[S]ome attrition has occurred in the cohort over time. The participants at the 30 year follow-up did gain significantly higher IQ scores at age 10 than those who did not take part, although the size of the differences was modest (0.3 of a standard deviation). Unless the relation between childhood mental ability and vegetarianism is in the opposite direction in non-participants, little bias will have been introduced in our study.Given that "some attrition" means that over a third of the original 17,198 subjects did not report on vegetarian status as adults and that the article's own literature review admits that "Findings are mixed" in previous studies that attempted to link vegetarianism to educational attainment (which is a "strong correlate of mental ability"), this finding has to be viewed as a preliminary addition to "mixed" evidence at best.
But let's entertain the possibility for a moment that Gale et al. are right, as I suspect they are. Future studies vindicate them. What have they shown? We'll start with some of their own ruminations:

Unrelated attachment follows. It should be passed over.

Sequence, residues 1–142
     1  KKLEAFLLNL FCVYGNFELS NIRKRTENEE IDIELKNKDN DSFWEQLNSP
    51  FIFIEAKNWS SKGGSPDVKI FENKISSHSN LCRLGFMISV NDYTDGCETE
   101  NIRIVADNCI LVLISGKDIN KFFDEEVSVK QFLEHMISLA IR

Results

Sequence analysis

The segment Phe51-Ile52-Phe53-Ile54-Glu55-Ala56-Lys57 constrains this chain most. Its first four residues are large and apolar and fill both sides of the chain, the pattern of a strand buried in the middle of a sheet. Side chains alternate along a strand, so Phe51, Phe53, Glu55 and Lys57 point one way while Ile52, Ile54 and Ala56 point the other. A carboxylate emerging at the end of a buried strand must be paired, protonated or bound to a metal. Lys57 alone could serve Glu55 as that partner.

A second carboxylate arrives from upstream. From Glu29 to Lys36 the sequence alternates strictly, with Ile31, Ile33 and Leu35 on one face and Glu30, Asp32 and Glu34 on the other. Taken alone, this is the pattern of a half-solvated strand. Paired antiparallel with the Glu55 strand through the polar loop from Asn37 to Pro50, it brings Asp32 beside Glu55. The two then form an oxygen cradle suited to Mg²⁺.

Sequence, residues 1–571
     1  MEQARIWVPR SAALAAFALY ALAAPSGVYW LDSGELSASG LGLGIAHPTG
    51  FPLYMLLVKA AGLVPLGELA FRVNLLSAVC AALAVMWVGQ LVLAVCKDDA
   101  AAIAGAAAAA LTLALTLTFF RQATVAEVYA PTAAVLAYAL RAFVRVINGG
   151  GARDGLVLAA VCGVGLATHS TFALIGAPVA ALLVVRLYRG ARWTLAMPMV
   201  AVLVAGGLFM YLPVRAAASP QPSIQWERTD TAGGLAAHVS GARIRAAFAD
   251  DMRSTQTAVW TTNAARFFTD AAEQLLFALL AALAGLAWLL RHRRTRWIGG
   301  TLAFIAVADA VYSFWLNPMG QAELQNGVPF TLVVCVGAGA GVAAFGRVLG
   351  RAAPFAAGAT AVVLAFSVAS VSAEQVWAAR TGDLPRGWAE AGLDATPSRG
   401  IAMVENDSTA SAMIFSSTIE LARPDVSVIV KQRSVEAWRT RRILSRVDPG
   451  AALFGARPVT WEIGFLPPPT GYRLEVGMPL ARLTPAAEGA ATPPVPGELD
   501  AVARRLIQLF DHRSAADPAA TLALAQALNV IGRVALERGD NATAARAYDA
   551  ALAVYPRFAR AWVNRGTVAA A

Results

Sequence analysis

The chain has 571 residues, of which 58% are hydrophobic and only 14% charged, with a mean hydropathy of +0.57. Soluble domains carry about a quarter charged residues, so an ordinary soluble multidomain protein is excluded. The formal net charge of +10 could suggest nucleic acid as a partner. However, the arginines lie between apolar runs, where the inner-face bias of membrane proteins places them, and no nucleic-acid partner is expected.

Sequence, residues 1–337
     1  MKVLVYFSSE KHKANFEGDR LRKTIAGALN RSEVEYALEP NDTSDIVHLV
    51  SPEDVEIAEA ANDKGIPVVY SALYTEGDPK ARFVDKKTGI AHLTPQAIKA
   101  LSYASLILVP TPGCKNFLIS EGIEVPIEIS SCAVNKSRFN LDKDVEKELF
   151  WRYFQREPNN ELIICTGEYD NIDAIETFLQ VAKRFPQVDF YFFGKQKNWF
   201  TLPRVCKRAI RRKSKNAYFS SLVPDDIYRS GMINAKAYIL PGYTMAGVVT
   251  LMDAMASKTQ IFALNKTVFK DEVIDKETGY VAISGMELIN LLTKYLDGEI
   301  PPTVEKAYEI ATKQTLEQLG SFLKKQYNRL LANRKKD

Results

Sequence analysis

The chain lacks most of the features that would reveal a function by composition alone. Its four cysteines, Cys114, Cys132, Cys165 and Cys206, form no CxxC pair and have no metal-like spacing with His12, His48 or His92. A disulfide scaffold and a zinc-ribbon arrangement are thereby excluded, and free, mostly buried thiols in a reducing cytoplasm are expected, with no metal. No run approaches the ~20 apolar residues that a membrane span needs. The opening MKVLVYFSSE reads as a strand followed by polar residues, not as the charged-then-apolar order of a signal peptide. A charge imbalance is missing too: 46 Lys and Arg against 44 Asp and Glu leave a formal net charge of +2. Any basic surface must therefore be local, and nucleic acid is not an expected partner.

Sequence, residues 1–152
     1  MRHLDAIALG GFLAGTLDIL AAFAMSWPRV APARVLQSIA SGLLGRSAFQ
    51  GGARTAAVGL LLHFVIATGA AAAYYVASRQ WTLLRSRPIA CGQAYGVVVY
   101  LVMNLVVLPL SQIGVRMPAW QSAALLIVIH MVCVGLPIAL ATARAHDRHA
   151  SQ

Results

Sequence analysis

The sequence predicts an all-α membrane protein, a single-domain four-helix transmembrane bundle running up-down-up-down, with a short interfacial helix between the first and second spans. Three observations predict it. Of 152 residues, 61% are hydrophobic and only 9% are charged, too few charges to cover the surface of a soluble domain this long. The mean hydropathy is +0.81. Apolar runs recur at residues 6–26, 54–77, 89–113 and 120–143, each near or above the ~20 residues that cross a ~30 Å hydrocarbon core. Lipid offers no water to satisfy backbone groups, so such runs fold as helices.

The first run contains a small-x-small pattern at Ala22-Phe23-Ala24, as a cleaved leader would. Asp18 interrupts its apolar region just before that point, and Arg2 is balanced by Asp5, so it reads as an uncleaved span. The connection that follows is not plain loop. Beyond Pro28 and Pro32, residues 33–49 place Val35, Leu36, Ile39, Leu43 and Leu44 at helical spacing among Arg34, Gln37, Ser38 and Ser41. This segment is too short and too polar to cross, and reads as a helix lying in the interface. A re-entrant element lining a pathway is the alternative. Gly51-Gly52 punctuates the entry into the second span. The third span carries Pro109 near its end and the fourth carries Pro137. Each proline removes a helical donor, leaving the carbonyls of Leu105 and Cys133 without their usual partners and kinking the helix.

Although the vegetarians in this cohort were, on average, more intelligent, better educated, and of higher occupational social class than the non-vegetarians, these socioeconomic advantages were not reflected in their income. It may be that ethical considerations determined not just their diet but also their choice of employment. Compared with non-vegetarians, vegetarians were less likely to be working in the private sector and more likely to be working in charitable organisations, local government, or education: 17% of the vegetarians worked in education compared with 9% of non-vegetarians. When asked, as part of the follow-up survey, what they thought of the statement "The government should redistribute income," 50% of vegetarians said they agreed compared with 41% of nonvegetarians, and this proportion was even higher among male vegetarians (61% v 42%). Such views may not be compatible with a career in the more lucrative employment sectors. [bold added]In other words, the vegetarians are more left-wing than non-vegetarians! This comes as no surprise since those who are more intelligent generally remain in school longer, where they are subjected to more of the same relentless left-wing indoctrination than their counterparts. I would have loved to see a statistical analysis of that! Or even the slightest acknowlegement of that fact in the news media.